滕彪文集
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滕彪文集
·胡佳若获诺贝尔奖将推动中国人权/voa
·奥运后的中国人权
·Chinese Activist Wins Rights Prize
·我无法放弃——记一次“绑架”
·认真对待出国权
·毒奶粉:谁的危机?
·不要制造聂树斌——甘锦华抢劫案的当庭辩护词
·“独立知识分子”滕彪/刘溜
·经济观察报专访/滕彪:让我们不再恐惧
·人权:从理念到制度——纪念《世界人权宣言》60周年
·公民月刊:每一个人都可能是历史的转折点
·抵制央视、拒绝洗脑
·公民在行动
·Charter of Democracy
·阳光茅老
·中国“黑监狱”情况让人担忧/路透社
·《关于取缔黑监狱的建议》
·用法律武器保护家园——青岛市河西村民拆迁诉讼代理词
·关于改革看守所体制及审前羁押制度的公民建议书
·仅仅因为他们说了真话
·再审甘锦华 生死仍成谜
·邓玉娇是不是“女杨佳”?
·星星——为六四而作
·I Cannot Give Up: Record of a "Kidnapping"
·Political Legitimacy and Charter 08
·六四短信
·倡议“5•10”作为“公民正当防卫日”
·谁是敌人——回"新浪网友"
·为逯军喝彩
·赠晓波
·正义的运动场——邓玉娇案二人谈
·这六年,公盟做了什么?
·公盟不死
·我们不怕/Elena Milashina
·The Law On Trial In China
·自由有多重要,翻墙就有多重要
·你也会被警察带走吗
·Lawyer’s Detention Shakes China’s Rights Movement
·我来推推推
·许志永年表
·庄璐小妹妹快回家吧
·开江县法院随意剥夺公民的辩护权
·Summary Biography of Xu Zhiyong
·三著名行政法学家关于“公盟取缔事件”法律意见书
·公益诉讼“抑郁症”/《中国新闻周刊》
·在中石化上访
·《零八宪章》与政治正当性问题
·我来推推推(之二)
·我来推推推(之三)
·國慶有感
·我来推推推(之四)
·国庆的故事(系列之一)
·国庆的故事(系列之二)
·
·我来推推推(之五)
·我来推推推(之六)
·净空(小说)
·作为反抗的记忆——《不虚此行——北京劳教调遣处纪实》序
·twitter直播-承德冤案申诉行动
·我来推推推(之七)
·关于我的证言的证言
·我来推推推(之八)
·不只是问问而已
·甘锦华再判死刑 紧急公开信呼吁慎重
·就甘锦华案致最高人民法院死刑复核法官的紧急公开信
·我来推推推(之九)
·DON’T BE EVIL
·我来推推推(之十)
·景德镇监狱三名死刑犯绝食吁国际关注
·江西乐平死刑冤案-向最高人民检察院的申诉材料
·我来推推推(之十一)
·法律人的尊严在于独立
·我来推推推(之十二)
·听从正义和良知的呼唤——在北京市司法局关于吊销唐吉田、刘巍律师证的听证会上的代理意见
·一个思想实验:关于中国政治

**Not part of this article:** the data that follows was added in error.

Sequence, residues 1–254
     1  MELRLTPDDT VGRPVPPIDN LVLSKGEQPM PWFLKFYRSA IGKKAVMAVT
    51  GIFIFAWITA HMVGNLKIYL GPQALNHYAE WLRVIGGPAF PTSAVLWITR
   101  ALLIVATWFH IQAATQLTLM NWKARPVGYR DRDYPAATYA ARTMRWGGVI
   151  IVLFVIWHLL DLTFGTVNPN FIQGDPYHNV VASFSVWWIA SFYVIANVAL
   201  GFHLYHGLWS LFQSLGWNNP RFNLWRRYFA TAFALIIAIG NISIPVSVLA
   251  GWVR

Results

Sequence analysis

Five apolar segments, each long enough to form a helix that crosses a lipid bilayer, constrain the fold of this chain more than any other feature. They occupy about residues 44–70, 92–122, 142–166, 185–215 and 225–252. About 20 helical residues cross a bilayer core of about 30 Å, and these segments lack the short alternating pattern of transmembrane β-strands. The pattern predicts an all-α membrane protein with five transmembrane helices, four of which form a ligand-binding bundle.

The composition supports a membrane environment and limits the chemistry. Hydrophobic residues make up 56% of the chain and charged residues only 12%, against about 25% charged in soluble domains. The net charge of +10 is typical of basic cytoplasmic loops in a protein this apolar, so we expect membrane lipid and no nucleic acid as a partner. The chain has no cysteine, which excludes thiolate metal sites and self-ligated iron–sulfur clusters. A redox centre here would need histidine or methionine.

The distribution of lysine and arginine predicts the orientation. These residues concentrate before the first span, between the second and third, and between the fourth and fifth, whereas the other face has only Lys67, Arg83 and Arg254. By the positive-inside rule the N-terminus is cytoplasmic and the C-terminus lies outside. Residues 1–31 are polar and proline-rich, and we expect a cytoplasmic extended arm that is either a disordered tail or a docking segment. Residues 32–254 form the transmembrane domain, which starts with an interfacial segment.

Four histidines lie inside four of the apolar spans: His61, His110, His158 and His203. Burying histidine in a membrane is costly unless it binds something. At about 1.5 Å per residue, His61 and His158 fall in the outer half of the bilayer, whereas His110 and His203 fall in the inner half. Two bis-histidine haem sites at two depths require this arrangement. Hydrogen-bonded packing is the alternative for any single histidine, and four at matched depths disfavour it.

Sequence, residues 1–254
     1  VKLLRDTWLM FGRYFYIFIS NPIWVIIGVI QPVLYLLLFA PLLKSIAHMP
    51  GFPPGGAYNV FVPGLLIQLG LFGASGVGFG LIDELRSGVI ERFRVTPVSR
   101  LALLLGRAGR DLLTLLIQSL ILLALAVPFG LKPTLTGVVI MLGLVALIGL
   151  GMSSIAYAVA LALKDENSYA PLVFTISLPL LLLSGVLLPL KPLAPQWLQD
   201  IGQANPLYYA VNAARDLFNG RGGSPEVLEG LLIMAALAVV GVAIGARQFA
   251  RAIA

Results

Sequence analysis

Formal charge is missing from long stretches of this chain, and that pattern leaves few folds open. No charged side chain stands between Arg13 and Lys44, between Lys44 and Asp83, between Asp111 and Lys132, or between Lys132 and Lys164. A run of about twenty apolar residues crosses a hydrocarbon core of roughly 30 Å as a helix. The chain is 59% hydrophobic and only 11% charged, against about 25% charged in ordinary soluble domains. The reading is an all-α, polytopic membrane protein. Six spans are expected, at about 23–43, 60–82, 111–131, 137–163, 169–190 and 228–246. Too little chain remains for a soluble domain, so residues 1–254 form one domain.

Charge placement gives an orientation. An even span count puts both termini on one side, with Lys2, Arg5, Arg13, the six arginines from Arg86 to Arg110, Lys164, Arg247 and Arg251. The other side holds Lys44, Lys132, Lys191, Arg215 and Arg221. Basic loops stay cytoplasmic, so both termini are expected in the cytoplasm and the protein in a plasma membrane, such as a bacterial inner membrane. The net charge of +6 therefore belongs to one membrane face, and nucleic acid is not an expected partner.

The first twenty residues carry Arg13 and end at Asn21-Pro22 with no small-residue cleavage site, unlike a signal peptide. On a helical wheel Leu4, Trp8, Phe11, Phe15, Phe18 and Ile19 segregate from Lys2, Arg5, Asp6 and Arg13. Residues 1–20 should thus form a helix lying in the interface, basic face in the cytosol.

·公民维权与社会转型(上)——在北京传知行社会经济研究所的演讲
·公民维权与社会转型——在北京传知行社会经济研究所的演讲(下)
·福州“7•4”奇遇记
·夏俊峰案二审辩护词(新版)
·摄录机打破官方垄断
·敦请最高人民检察院立即对重庆打黑运动中的刑讯逼供问题依法调查的公开信
·为政治文明及格线而奋斗——滕彪律师的维权之路
·“打死挖个坑埋了!”
·"A Hole to Bury You"
·谁来承担抵制恶法的责任——曹顺利被劳动教养案代理词
·国家尊重和保障人权从严禁酷刑开始
·分裂的真相——关于钱云会案的对话
·无国界记者:对刘晓波诽谤者的回应
·有些人在法律面前更平等(英文)
·法律人与法治国家——在《改革内参》座谈会上的演讲
·貪官、死刑與民意
·茉莉:友爱的滕彪和他的诗情
·萧瀚:致滕彪兄
·万延海:想起滕彪律师
·滕彪:被迫走上它途的文學小子/威廉姆斯
·中国两位律师获民主奖/美国之音
·独立知识分子——写给我的兄弟/许志永
·滕彪的叫真/林青
·2011年十大法治事件(公盟版)
·Chinese Human Rights Lawyers Under Assault
·《乱诗》/殷龙龙
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中国律师的阴与阳/金融时报


   金融时报 Jamil Anderlini
   
   陶景洲和滕彪代表着中国司法体系的阴阳两极。两人都毕业于极具声望的北京大学法学院(Peking University law school),却走上了截然不同的职业道路,得到的回报也有天壤之别。
   

   陶景洲在美国众达律师事务所(Jones Day)豪华的北京办事处工作,是这家事务所的合伙人。1977年,他成为中国20年来的第一批法律系学生。“我们那时没有任何法律书籍,”他表示,“因为当时在中国几乎没有任何法律可言。”
   
   相比之下,滕彪从遍布刑事司法体系的暗纹中发掘出自己的职业定位——在这个体系中,律师经常要为当事人的政治罪行承担责任。
   
   农民出身的滕彪现年35岁,2002年毕业于北京大学,获得博士学位。从那以后,他成为知名律师,经常为那些被剥夺政治权利的人辩护。事实上,因为组织一群律师为3月拉萨暴乱后被捕的西藏抗议者提供辩护,滕彪今年6月被剥夺了律师执业资格。
   
   他若不是一直坚持原则,为被压制的民众辩护,滕彪很早以前就能加入中国新生的中产阶级行列——这个阶层需要一套法律体制,能够充分保护其财产和个人权利。
   
   中国的法律体制已经经历巨变。30年前,陶景洲的班上只有82名“敢为天下先”的法律学生,与之相比,今天全国600多所法律院校共有30万学生。
   
   但是,现行体制仍然无力应对日益增多的需求。过去5年间,中国法院审结案件近3200万起,其中超过三分之二是由公司或个人提出诉讼的民事或经济案件。
   
   在极权国家生活的现实,也为法律体制带来不确定性。
   < p>北京大学直言不讳的法学教授贺卫方表示,有权有势的人有很多机会干涉法律。
   
   “事实上,在中国不存在真正西方意义上的法律体制,”他宣称。
   
   现行法规的执行经常并不严格——如果你把中国完备的环境法与窗外的现实相比较,或是读到中国宪法保障所有公民享有宗教信仰自由、言论自由和结社自由,这一点就变得显而易见。
   
   在刑事案件和人们广泛关注的民事案件中,经常存在政治干涉;而在不那么重要的案件中,贿赂法官和公诉人则是常见的做法。
   
   “中国法律体制最大的问题是,政治与法律没有分立,”滕彪表示。“在现行体制下,不可能实现独立的司法权,因为法律被视作服务于党的工具。”
   
   每级法院之上都有一个特殊的共产党委员会——政法委,在“政治”案件中,政法委有权否决法院意见。在较小的地方,政法委书记经常由当地公安局局长担任,这使得法院在事实上成为公安部门的附属机构。